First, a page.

About Silliman College

Silliman College was opened in 1940 as the last of the original ten colleges. The college incorporated the Vanderbilt-Sheffield dormitories and Byers Hall, the latter of which contains the Dining Hall, Common Room and Library.

The college was named after Benjamin Silliman (1779-1864), the father of American scientific education. Silliman was the first professor of Chemistry at Yale. Apart from going on to found the Yale Medical School in 1813, as well as the Peabody Museum and the Yale Art Gallery, he in 1818, he founded American Journal of Science; a scientific periodical still published in New Haven today. Silliman also played a leading role in organizing the Sheffield Scientific School in 1847, an event that marked the dawn of professional scientific education in the United States

The college seal, specially designed for the College, takes its motifs from the four elements of the ancient philosophers: red for fire, white for air and water, and green for earth. The golden acorns are from the family crest of Frederick W. Vanderbilt, Yale Class of 1876, whose bequest provided the funds for the building of the College. Because of its legendary associations with fire, the salamander was selected as the college symbol.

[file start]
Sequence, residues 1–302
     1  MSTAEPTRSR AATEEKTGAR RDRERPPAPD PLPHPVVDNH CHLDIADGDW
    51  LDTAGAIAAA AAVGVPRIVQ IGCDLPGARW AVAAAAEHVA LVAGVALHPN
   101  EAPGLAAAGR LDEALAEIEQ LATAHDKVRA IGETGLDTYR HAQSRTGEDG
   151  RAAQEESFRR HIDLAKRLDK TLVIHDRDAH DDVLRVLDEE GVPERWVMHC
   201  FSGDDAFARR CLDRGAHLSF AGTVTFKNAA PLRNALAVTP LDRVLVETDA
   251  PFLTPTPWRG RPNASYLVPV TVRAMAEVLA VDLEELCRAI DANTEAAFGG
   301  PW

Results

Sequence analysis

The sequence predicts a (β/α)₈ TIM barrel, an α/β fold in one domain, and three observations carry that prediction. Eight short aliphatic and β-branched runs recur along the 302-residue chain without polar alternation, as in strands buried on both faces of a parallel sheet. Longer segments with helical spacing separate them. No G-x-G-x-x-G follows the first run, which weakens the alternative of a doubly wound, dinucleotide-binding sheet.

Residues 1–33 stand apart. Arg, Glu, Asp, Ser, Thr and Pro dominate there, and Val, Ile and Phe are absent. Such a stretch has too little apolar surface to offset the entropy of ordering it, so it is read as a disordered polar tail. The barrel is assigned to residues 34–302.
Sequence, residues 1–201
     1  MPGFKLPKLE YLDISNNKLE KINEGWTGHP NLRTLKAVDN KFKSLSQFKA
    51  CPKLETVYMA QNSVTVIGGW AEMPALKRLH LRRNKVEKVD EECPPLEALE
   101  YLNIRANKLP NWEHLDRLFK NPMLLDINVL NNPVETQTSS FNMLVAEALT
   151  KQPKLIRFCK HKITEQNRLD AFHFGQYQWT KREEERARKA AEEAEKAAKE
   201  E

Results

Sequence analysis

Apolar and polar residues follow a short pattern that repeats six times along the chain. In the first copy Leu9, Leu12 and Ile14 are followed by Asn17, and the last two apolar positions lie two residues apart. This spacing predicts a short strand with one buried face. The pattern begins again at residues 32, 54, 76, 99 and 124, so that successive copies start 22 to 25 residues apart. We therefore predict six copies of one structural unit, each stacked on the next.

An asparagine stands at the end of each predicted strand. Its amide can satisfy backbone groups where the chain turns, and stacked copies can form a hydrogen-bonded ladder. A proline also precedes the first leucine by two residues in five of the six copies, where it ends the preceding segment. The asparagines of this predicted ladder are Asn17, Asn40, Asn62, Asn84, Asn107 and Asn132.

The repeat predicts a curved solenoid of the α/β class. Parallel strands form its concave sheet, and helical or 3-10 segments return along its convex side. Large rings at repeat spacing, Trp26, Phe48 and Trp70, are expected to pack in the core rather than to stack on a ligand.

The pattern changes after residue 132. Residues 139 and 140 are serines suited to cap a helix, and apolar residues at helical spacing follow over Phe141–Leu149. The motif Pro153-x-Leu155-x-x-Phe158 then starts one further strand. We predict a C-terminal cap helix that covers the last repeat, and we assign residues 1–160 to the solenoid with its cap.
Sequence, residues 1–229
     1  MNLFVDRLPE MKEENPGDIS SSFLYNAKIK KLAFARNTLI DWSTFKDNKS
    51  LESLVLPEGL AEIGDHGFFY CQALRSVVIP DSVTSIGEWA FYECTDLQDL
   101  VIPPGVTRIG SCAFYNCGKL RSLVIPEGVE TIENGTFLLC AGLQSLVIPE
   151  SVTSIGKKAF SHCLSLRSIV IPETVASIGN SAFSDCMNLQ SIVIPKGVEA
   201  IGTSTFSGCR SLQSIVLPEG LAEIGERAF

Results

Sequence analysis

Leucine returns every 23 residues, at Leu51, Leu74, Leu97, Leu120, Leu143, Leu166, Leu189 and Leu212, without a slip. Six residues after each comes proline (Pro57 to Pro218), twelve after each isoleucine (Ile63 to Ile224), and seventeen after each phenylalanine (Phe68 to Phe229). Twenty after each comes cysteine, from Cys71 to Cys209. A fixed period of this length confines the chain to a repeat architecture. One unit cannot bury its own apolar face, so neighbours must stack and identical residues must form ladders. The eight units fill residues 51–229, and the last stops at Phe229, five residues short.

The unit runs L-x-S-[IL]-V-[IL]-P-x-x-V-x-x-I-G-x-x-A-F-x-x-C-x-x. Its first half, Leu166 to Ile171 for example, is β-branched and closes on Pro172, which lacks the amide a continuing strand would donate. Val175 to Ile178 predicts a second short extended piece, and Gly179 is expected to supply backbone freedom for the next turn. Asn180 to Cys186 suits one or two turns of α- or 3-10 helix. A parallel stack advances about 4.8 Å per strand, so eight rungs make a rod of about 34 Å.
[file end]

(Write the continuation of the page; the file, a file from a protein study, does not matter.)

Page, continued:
Silliman’s sister colleges are Pforzheimer House (formerly North House) and Dudley House at Harvard University, Trinity College at Cambridge University, and Brasenose College at Oxford University.